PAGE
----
Dwight Eisenhower

Dwight Eisenhower

  • Ranked #7: Eisenhower was the last case where the office seeked the president as opposed to the candidate seeking the office. This made him in some ways a non-partison president. This was a boost for all Americans across all political leanings. He was respected because he was the greatest army general in the 20th century. During his time in office, Americans had economical prosperity and a strong international leader.
  • Summary: Eisenhower was approachable and fun. He was a decent, principled man who commanded respect and encouraged people to be their best. He was the type of guy that never talked negatively about others. He wanted to like people and in return, he wanted people to like him. He typically had a cheerful outlook on life, although there were times he grew depressed and exploded in anger. But these episodes never lasted very long. Eisenhower carried lucky coins in his pocket at all times. He was not a good public speaker and would refer on this shortcoming when avoiding direct, extemporaneous answers to difficult questions.
  • Bio: Eisenhower was 5’ 10” and weighed 178 pounds as President. He has blue eyes and light brown hair although he was completely bald by the time he became President. One of his most noticeable features was his wide grin. He wore reading glasses for most of his adult life. He had a trick knee from an old football injury. He caught cold easily and suffered from bursitis and ileitis. He smoked four packs of cigarettes a day until 1949 when his doctor urged him to reduce his habit to one pack a day. Eisenhower found it to be easier to quit altogether as opposed to counting cigarettes during the course of the day. During his time as President, in 1955 he suffered a heat attack, he had an intestinal bypass operation in 1956 and had a stroke in 1957 that left him almost completely unable to speak for a full day.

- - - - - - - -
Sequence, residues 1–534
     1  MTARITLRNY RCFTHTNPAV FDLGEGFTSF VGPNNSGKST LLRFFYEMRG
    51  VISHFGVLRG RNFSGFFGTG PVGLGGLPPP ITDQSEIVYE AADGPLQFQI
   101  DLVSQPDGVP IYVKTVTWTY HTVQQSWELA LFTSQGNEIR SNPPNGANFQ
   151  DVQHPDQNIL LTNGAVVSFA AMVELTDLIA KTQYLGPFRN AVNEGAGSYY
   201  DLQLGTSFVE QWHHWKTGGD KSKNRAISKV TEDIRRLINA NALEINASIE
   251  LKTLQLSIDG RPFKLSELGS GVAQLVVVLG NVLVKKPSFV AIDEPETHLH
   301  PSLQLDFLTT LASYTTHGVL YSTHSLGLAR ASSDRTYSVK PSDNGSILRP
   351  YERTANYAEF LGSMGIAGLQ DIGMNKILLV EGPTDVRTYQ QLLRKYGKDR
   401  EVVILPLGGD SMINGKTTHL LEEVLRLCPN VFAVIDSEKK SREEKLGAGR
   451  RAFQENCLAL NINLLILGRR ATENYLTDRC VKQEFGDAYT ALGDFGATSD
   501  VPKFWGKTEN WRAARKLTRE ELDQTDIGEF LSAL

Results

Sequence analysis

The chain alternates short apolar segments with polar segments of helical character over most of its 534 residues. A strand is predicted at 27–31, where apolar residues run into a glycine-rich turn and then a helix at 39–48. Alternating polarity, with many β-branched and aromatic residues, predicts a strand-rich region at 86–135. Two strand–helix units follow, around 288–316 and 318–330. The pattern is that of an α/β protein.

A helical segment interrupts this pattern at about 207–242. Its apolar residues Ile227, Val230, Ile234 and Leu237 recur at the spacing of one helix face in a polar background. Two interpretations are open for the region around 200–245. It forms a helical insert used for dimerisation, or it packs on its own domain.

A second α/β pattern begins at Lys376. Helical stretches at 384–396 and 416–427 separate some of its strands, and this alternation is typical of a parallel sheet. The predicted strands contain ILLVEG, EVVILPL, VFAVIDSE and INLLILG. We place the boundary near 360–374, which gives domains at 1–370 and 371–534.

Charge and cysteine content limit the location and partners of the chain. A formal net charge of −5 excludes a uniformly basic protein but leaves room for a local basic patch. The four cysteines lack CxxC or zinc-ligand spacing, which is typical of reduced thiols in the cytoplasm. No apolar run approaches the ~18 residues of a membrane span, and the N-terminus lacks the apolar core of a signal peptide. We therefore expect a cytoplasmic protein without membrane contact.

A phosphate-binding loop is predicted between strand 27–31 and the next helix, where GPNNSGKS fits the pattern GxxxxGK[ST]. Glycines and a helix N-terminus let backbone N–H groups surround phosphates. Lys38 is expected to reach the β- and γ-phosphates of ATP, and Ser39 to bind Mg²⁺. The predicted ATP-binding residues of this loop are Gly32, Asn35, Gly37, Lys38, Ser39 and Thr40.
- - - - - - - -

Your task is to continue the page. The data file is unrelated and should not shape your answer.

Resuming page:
Eisenhower loved to play golf-so much so that the US Golf Association installed a putting green on the south lawn of the White House. He typically scored in the 80s. He enjoyed hunting and fishing as well, particularly dry-fly fishing. He was a very good card player. His favorite game in his youth was poker. He played so well that he supplemented his army salary by winning at poker. It got to the point where he politely quit playing because his fellow officers were finding themselves falling into some heavy debt. It was at this point that he started to play bridge and canasta. He was such a dedicated card player that he would at times fly buddies in to play bridge at the White House. He was a gifted chef and a better than average oil painter. His favorite subjects were landscapes. He also enjoyed stories about the west. He read many books and viewed many movies with western themes while he was President.